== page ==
Odds and Ends

Short post this week as I’m noodling on a couple of more substantive pieces that are not yet ready for public sharing. Here are some snapshot reviews of a few things I’ve read recently. Heart Berries by Terese Marie Mailhot – This slim memoir lays bare a woman’s issues with love, motherhood, and mental health, … Continue reading Odds and Ends

Mid-Century Macabre: Shirley Jackson and Josephine Tey

I have a brilliant friend whose bailiwicks include mid-twentieth century fiction and depictions of madness. Shirley Jackson, unsurprisingly, is a favorite. The only things I'd read of hers before were "The Lottery," (#iconic) and The Haunting of Hill House (1959), which I read as a teenager and barely remembered. But inspired by my friend, I … Continue reading Mid-Century Macabre: Shirley Jackson and Josephine Tey

Do Books Matter?

We're a strange group of people—us readers, we bookish types. And writers know which side their bread is buttered on. Without readers, writers would have little reason to exist, which is why I've often felt that there's something a bit obvious or pander-y about books-about-books. Reading a book about the delights of reading, being a … Continue reading Do Books Matter?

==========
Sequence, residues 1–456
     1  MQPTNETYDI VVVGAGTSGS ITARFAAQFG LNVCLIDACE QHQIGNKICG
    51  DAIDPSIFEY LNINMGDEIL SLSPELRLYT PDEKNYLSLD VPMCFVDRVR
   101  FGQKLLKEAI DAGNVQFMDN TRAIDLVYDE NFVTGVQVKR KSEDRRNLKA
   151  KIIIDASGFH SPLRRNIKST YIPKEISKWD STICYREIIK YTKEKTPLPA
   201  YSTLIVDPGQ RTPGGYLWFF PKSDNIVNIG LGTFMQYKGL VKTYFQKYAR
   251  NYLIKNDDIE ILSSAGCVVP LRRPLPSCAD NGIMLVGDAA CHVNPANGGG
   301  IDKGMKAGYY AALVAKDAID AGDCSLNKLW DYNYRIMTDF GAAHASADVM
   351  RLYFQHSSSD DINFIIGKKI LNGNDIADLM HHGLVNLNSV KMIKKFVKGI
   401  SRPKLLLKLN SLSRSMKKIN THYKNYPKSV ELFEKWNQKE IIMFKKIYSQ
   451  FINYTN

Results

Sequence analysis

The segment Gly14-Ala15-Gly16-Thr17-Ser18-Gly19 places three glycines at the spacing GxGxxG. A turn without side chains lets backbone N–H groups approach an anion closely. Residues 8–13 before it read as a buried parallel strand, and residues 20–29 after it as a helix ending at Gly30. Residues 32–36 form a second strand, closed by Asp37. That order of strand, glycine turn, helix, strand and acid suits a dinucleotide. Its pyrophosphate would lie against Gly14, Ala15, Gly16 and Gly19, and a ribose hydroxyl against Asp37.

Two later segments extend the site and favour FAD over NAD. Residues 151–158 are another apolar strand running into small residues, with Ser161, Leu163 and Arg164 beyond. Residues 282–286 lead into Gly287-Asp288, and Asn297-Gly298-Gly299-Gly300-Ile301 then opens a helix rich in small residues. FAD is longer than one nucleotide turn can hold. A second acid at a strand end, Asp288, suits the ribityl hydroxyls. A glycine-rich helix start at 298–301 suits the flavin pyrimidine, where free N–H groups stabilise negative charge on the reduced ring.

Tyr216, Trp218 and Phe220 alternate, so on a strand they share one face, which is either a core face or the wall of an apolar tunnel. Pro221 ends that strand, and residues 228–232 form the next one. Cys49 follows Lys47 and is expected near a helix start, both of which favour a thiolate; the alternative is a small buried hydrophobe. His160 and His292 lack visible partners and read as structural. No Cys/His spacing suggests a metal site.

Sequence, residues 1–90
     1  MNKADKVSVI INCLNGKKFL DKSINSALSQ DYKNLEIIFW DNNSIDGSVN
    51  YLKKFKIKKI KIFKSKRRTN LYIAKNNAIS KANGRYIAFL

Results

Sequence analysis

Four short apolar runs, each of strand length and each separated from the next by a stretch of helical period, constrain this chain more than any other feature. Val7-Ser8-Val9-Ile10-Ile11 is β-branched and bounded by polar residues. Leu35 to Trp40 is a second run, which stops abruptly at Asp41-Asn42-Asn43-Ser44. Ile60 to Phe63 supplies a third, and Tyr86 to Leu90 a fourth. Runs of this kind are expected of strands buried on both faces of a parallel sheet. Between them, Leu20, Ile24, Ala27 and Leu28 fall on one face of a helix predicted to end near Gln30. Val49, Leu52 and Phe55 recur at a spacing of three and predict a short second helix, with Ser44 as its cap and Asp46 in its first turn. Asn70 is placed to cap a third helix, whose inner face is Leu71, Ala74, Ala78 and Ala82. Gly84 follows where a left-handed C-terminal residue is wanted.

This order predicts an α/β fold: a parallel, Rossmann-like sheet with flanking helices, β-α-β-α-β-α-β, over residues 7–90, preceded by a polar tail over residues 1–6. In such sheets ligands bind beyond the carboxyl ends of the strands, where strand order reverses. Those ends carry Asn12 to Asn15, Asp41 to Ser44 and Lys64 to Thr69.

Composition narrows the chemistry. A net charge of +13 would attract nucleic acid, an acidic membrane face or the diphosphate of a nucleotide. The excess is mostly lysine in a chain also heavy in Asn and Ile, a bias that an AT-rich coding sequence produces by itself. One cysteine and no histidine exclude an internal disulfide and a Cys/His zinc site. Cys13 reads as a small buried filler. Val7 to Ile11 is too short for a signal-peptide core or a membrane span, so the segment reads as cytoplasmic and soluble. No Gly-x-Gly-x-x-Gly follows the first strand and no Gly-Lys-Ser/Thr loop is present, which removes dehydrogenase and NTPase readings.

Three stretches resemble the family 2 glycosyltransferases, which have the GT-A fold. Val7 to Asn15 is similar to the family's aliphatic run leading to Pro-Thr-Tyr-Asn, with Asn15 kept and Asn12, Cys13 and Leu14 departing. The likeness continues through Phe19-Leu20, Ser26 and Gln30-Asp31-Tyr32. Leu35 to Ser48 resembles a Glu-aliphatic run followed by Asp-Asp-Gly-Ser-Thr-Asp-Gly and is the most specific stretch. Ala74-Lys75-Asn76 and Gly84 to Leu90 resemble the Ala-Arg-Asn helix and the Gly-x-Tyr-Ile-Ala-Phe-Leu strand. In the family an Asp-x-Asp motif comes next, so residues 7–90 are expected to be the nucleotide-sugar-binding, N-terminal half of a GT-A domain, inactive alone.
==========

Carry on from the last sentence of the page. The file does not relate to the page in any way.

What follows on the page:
On Toggling Between Books, or the Strange Fixed Marriage of Julia Child and Carlo Rovelli

Listening to: A Spotify playlist where I'm dumping one-off songs I want to keep listening to. Drinking: A Firestone Walker IPA. Traditionally—since childhood—I've been a one-book-at-a-time kind of reader. The first cracks in that tendency probably came in graduate school, a time when it's relatively impossible to be reading only one thing at a time. … Continue reading On Toggling Between Books, or the Strange Fixed Marriage of Julia Child and Carlo Rovelli